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Fox Chase Researchers Find Care of Head and Neck Cancer Differs Between Patients With Localized Versus Advanced Disease

December 2, 2020

Thomas J Galloway, MD, lead author on the study and associate professor in the Department of Radiation Oncology.Thomas J Galloway, MD, lead author on the study and associate professor in the Department of Radiation Oncology.

PHILADELPHIA (December 2, 2020)—In a recently published study, researchers at Fox Chase Cancer Center found that more elderly patients with localized head and neck cancer received multidisciplinary care compared with patients with advanced-stage disease.

Multidisciplinary care in cancer refers to a team approach involving a group of healthcare professionals who determine a patient’s treatment rather than relying on a single doctor. This approach allows a patient to be informed about their choices before any initial treatment, with the goal of finding the best options up front and allowing patients to maintain their quality of life.

“There is a push in the larger head and neck community to emphasize more collaborative, more multidisciplinary style treatments for head and neck cancer,” said Thomas J. Galloway, MD, lead author on the study and associate professor in the Department of Radiation Oncology at Fox Chase.

“However, it’s not clear how often multidisciplinary care actually happens for patients and if it happens more in one instance versus other instances. So we evaluated a large database to see who was actually seeing patients before they started treatment,” he said.

The nationwide, retrospective study assessed 28,298 patients age 66 years or older with head and neck squamous cell carcinoma. This group included patients with cancers of the larynx, oral cavity, oropharynx, hypopharynx, and nasopharynx.

The study found that most elderly patients with localized head and neck squamous cell carcinoma had received multidisciplinary care. However, few patients with advanced-stage disease received the same kind of multidisciplinary care even though a significant proportion received additional therapy, the researchers wrote.

Galloway said this finding was surprising, given that those with advanced-stage disease are typically the patients most in need of multidisciplinary care. Additionally, researchers were surprised to find how infrequently speech-language pathology was used in treatment, because it is frequently a key factor in the rehabilitation process for patients.

“Ideas that multidisciplinary care is not possible or that this is a battle that has already been won are both incorrect for different reasons,” said Galloway.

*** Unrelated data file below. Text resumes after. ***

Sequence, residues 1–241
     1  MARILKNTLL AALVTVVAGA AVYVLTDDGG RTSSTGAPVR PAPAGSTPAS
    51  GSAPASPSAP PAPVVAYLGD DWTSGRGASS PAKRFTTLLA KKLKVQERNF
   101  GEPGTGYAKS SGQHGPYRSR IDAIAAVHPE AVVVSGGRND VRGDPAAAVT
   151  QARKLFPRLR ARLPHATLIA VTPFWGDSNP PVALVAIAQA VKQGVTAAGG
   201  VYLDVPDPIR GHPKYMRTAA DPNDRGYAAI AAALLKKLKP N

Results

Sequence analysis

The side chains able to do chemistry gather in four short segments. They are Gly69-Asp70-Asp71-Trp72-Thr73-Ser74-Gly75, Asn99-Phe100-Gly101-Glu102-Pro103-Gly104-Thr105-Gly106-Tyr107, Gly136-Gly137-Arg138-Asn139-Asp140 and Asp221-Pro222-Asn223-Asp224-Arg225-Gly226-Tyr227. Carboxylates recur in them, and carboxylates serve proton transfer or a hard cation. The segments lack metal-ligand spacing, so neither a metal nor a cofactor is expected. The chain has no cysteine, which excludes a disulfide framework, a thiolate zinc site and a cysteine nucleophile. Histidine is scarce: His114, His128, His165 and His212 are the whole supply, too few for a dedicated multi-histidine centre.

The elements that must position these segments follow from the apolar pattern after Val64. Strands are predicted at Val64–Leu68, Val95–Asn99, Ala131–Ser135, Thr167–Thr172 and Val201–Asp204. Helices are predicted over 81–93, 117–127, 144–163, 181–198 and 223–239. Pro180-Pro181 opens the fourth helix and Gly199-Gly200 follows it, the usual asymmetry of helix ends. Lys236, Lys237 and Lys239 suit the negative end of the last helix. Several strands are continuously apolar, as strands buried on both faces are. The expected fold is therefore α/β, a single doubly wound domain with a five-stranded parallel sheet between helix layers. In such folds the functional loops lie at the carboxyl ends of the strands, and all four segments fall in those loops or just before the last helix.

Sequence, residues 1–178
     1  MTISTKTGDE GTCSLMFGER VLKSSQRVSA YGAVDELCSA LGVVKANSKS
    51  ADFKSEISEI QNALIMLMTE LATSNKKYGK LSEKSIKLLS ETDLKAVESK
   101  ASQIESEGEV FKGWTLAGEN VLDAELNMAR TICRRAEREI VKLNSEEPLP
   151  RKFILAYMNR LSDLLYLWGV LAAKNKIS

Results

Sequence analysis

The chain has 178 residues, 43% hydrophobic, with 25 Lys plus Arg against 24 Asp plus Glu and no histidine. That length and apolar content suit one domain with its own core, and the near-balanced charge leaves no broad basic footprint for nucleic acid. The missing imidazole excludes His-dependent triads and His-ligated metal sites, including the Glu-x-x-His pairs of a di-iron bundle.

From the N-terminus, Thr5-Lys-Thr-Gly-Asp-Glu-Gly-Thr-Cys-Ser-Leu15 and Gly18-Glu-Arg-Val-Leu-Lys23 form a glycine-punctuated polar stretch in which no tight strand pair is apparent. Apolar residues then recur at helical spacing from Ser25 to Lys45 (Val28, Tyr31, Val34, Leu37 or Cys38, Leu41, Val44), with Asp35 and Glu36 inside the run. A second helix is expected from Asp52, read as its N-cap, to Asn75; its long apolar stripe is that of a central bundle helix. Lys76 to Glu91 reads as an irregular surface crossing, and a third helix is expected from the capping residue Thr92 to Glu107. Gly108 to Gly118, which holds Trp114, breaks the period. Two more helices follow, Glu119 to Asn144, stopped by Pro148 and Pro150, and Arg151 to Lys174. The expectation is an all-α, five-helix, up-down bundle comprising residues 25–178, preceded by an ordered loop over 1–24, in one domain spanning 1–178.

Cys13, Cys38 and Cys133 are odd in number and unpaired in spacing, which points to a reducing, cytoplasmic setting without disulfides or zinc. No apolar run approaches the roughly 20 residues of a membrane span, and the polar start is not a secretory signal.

The study findings suggest that although there has been improvement in integrating multidisciplinary care as part of a comprehensive treatment for head and neck cancer, more work still needs to be done to ensure patients receive the best options from a collaborative team of professionals, Galloway said.

The study, “Patterns of Multidisciplinary Care of Head and Neck Squamous Cell Carcinoma in Medicare Patients,” was published in JAMA Otolaryngology-Head and Neck Surgery.

The Hospital of Fox Chase Cancer Center and its affiliates (collectively “Fox Chase Cancer Center”), a member of the Temple University Health System, is one of the leading cancer research and treatment centers in the United States. Founded in 1904 in Philadelphia as one of the nation’s first cancer hospitals, Fox Chase was also among the first institutions to be designated a National Cancer Institute Comprehensive Cancer Center in 1974. Fox Chase researchers have won the highest awards in their fields, including two Nobel Prizes. Fox Chase physicians are also routinely recognized in national rankings, and the Center’s nursing program has received the Magnet recognition for excellence five consecutive times. Today, Fox Chase conducts a broad array of nationally competitive basic, translational, and clinical research, with special programs in cancer prevention, detection, survivorship and community outreach. It is the policy of Fox Chase Cancer Center that there shall be no exclusion from, or participation in, and no one denied the benefits of, the delivery of quality medical care on the basis of race, ethnicity, religion, sexual orientation, gender, gender identity/expression, disability, age, ancestry, color, national origin, physical ability, level of education, or source of payment.

 

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